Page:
Water/Wastewater

  • What is the Microbead Free Waters Act?

What is the Microbead Free Waters Act?

Jan 13 2016 Read 1514 Times

President Barack Obama has signed into law a new act which will prohibit the use of microbeads – tiny pieces of plastic smaller than 5mm in diameter – in the production of cosmetics such as soaps, toothpastes and other personal care products. The law is an effort to phase out the harmful contamination of our waterways by these small plastic particles.

It will come into effect on July 1st 2017, banning production using microbeads from that date in the US. However, the sale of products containing microbeads produced prior to the cut-off will be tolerated until July 1st, 2019.

Small Plastic, Big Problem

These tiny beads of plastic are used in a variety of healthcare products, such as moisturisers, exfoliating scrubs, cosmetics and toothpastes, and often still contain the harmful beads after being rinsed down the drain. Their diminutive size means that they evade detection in the wastewater treatment process, the importance of which should not be underestimated. After sifting out solids, organic matter, nutrients and other pollutants from wastewater, it is returned to streams and lakes – but microbeads are found to be able to bypass this process.

Indeed, a report from September last year highlighted the fact that US waterways could be being polluted with as much as eight trillion microbeads on a daily basis! This is because US plants are capable of processing as much as 160 trillion litres of water every single day, and even if only they were all operating at half capacity, as many as seven beads have been found in every litre, thus making up the gobsmacking eight trillion figure.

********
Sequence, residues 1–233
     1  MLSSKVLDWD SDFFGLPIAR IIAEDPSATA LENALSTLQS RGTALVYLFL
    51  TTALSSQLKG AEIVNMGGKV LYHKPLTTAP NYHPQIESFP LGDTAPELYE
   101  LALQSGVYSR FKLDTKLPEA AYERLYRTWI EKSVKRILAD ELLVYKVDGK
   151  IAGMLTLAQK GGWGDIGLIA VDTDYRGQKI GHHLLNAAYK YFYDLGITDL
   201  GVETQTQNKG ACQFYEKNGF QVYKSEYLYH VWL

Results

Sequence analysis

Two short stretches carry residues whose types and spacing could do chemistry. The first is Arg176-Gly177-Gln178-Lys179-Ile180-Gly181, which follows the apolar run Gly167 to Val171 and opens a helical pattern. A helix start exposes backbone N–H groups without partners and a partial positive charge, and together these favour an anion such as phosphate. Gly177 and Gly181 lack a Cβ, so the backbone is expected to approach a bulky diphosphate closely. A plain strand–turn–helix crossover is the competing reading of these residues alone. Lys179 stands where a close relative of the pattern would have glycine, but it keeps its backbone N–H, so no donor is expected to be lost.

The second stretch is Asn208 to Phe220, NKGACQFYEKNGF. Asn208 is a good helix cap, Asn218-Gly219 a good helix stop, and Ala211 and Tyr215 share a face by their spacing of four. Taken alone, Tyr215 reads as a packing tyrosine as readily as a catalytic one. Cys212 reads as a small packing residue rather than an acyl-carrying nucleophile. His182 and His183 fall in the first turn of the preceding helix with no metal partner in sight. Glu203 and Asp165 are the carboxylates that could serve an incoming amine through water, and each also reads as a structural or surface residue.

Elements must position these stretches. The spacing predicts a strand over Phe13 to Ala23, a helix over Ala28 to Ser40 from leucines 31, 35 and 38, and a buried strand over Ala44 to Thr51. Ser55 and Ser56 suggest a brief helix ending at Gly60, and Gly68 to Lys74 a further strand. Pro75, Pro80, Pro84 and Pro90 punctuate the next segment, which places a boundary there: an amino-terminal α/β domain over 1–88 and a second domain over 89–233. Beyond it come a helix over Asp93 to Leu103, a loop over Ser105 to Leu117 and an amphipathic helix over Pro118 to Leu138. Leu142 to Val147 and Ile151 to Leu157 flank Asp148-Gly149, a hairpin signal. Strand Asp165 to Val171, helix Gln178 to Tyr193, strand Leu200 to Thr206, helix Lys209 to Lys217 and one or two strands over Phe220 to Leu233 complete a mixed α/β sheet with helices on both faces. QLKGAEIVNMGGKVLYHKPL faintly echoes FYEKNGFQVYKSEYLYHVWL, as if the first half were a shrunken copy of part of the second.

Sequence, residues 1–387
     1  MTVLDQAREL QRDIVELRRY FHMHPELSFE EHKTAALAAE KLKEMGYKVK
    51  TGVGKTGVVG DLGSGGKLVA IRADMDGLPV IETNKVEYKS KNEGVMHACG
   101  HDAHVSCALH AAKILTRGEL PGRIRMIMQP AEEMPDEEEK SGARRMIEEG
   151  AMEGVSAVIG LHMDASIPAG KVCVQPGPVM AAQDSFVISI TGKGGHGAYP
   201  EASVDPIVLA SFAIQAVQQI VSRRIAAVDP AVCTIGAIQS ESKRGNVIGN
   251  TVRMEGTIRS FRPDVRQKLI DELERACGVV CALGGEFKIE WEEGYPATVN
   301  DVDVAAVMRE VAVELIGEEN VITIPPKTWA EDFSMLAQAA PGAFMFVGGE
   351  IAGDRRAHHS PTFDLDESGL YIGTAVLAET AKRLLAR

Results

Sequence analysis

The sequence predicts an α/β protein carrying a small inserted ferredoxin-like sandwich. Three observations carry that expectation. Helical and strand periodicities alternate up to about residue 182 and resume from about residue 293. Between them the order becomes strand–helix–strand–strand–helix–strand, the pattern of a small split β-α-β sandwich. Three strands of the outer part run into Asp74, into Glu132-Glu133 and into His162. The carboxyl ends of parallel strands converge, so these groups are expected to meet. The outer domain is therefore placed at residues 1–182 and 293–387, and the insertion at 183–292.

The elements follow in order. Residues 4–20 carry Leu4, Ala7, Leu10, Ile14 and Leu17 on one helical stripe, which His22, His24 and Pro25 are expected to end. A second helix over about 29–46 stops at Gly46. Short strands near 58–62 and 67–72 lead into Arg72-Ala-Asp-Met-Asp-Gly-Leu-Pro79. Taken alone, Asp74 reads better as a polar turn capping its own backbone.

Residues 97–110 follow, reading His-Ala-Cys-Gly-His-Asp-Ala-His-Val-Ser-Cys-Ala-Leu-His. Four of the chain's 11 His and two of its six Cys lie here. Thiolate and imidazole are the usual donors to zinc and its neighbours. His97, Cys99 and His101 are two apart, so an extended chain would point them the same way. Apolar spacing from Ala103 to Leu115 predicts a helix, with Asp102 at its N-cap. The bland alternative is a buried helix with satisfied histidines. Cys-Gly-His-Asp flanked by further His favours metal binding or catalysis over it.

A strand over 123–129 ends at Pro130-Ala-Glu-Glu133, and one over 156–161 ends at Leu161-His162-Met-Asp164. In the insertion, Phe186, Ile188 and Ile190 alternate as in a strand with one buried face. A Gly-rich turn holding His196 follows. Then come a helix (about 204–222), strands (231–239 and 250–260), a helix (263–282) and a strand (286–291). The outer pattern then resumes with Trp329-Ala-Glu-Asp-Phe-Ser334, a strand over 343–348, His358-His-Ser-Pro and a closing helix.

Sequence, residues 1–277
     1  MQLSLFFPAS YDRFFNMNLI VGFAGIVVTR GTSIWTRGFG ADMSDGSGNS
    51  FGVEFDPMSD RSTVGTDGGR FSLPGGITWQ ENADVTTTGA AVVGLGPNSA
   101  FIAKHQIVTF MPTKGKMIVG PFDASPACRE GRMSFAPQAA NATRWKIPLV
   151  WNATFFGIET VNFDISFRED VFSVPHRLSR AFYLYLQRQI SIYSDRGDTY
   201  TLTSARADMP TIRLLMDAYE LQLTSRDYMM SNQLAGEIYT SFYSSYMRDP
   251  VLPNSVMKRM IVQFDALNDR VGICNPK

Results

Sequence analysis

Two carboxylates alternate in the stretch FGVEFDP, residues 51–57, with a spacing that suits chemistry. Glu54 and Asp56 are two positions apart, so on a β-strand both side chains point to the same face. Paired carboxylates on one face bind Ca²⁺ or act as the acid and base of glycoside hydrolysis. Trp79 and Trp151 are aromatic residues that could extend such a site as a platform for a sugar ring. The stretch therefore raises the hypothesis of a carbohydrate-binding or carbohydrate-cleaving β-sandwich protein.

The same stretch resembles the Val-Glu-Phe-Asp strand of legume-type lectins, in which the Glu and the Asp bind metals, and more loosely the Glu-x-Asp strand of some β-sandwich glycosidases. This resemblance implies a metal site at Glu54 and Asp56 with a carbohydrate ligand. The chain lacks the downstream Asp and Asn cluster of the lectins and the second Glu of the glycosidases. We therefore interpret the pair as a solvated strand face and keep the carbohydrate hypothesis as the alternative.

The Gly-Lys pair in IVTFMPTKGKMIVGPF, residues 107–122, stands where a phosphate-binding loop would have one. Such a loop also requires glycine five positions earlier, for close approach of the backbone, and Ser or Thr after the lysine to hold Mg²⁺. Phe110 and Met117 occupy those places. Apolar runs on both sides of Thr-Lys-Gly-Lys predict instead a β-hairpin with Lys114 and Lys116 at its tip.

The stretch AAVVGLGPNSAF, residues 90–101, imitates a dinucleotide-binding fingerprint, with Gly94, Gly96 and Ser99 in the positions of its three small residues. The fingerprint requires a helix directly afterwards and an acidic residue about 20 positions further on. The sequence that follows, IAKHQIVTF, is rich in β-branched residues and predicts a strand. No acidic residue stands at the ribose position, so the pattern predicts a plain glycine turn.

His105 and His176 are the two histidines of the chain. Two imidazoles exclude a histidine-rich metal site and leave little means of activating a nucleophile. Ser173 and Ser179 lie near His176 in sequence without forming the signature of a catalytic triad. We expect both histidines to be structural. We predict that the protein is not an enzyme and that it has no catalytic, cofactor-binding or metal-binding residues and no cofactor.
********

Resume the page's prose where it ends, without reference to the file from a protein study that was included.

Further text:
The beads themselves are such a big problem for two main reasons: firstly, they are incredibly resilient, lasting in the atmosphere for longer than they should due to their synthetic polymer makeup. Secondly, and more pertinently, they attract toxins such as pesticides, motor oil and polychlorinated biphenyls (PCBs) which can become attached to the beads and then be ingested by fish or other marine life which mistake them for fish eggs. Over time, these harmful toxins build up in their bodies and can eventually wind up on our dinner plate – or the belly of other animals – thereby contaminating the whole food chain.

A Progressive Restriction

The information about microbeads and their harmful potential came to light in 2013, when a 5 Gyres environmental study found that the materials were polluting the Great Lakes. Since then a whole host of household names have pledged to phase out the use of microbeads, including Adidas, L’Oreal, The Body Shop and Colgate.

Though nine states had already passed their own laws on the substance, the federal law makes it more far-reaching and more stringent. It was signed off by the House of Representatives on December 10th, agreed upon by the Senate on December 18th and signed off by President Obama at the tail end of the year. As such, it represents a rare instance of the US political system working in fluid harmony.

Hopefully, the phasing out of this harmful substance will reduce the need to clean up lakes and reservoirs by eliminating the problem before it becomes one.

Image Source: Pink Microbeads    

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